• With the approval and supervision of a physician, a weight loss program should be started or continued if started prior to surgery. A healthy weight will extend the life of the knee replacement as well as speed the recovery process and lessen pain and pressure on the knee.

You can lead an active lifestyle after total knee replacement at UOA

Extending the Life of a Total Knee Replacement

As knee replacements can last up to 20 years or longer with proper care, following all pre- and post-surgical instructions, as well as avoiding weight gain, smoking and high-impact activities will all help ensure the maximum lifespan of the artificial joint. Though the knee joint may be replaced again if needed, the results are not as good as with the first replacement.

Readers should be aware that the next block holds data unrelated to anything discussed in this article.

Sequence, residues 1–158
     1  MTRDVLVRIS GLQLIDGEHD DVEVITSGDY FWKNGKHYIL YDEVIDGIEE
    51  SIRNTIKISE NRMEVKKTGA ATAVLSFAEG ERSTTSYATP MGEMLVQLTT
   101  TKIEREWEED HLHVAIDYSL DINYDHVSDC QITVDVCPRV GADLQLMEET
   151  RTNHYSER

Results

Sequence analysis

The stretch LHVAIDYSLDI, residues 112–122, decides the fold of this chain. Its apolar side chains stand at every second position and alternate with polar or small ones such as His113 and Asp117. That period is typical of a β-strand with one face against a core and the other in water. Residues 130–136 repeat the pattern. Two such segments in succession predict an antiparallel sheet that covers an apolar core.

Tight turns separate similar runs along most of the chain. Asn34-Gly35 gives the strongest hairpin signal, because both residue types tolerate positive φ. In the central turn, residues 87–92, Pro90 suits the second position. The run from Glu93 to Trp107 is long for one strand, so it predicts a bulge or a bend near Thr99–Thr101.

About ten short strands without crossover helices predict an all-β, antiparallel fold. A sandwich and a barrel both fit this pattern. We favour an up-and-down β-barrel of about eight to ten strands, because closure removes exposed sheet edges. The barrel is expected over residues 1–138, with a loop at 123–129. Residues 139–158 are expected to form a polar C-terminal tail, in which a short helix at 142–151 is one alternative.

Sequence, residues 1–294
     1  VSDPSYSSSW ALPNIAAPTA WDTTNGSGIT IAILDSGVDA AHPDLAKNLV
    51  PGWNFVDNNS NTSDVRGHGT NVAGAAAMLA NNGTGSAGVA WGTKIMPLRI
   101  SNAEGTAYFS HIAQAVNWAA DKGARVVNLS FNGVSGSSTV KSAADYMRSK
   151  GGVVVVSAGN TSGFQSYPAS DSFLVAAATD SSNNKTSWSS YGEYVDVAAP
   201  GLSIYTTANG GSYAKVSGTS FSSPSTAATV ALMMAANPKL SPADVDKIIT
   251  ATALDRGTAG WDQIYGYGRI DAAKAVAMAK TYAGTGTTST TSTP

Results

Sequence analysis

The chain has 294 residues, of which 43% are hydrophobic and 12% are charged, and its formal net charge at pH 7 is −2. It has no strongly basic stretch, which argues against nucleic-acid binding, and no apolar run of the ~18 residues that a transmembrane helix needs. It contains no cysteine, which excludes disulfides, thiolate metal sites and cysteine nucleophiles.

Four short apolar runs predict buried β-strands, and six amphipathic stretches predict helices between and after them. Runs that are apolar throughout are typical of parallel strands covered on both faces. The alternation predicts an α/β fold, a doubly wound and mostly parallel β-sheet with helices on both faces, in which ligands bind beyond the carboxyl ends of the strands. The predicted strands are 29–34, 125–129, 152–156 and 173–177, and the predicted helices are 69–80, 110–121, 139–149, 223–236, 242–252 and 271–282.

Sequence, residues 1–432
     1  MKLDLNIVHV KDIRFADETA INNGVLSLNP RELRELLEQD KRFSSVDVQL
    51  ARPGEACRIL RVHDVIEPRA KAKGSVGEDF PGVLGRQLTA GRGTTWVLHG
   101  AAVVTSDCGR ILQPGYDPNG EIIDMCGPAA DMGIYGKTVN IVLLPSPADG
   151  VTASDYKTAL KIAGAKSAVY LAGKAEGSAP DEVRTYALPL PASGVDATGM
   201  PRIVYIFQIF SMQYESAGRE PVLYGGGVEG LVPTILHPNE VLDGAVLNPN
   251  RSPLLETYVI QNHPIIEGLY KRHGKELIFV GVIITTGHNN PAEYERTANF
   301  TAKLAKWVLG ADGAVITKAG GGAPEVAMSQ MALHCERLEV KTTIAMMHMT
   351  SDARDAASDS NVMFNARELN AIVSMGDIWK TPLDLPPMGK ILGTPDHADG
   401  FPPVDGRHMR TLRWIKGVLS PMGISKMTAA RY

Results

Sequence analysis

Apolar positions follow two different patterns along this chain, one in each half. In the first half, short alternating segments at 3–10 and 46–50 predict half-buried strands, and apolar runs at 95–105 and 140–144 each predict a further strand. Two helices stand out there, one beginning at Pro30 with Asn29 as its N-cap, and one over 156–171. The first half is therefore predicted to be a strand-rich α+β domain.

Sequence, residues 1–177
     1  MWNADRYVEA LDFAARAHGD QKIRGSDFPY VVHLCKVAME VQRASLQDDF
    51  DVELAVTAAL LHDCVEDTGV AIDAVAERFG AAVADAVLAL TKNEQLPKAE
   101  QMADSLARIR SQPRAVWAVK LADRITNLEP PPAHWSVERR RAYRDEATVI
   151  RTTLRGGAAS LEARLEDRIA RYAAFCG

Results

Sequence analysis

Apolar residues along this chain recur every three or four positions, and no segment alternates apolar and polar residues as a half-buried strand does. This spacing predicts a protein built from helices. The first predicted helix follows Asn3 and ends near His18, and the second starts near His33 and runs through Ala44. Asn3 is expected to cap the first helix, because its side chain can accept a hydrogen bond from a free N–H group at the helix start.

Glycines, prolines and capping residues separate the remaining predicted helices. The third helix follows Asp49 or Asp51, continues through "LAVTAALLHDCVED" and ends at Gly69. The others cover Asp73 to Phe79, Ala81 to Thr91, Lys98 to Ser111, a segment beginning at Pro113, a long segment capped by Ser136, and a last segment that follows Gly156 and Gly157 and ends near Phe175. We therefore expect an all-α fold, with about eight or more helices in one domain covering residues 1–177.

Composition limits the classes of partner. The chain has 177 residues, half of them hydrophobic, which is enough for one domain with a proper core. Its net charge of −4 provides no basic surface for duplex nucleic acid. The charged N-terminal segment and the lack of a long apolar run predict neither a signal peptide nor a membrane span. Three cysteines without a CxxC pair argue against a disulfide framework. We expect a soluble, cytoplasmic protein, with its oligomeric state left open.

In the past, many surgeons recommended that younger patients do not undergo a knee replacement until they are older. This was due to the shorter lifespan of the prosthesis. Now, with advances in material sciences, prosthetics last much longer than in the past, and younger patients are now viable candidates.

If you are experiencing pain from knee arthritis and conservative treatment measures are no longer effective, request an appointment with a joint replacement specialist at UOA. We will be able to describe your treatment options and help you determine if a knee replacement is right for you.

Make An Appointment

Call our office to make an appointment or fill out our appointment request form.

Somerset: 732-537-0909
Princeton: 609-683-7800
Wall: 732-938-6090
Morganville: 732-387-5750
Woodbridge: 732-283-2663
Monroe: 609-722-6750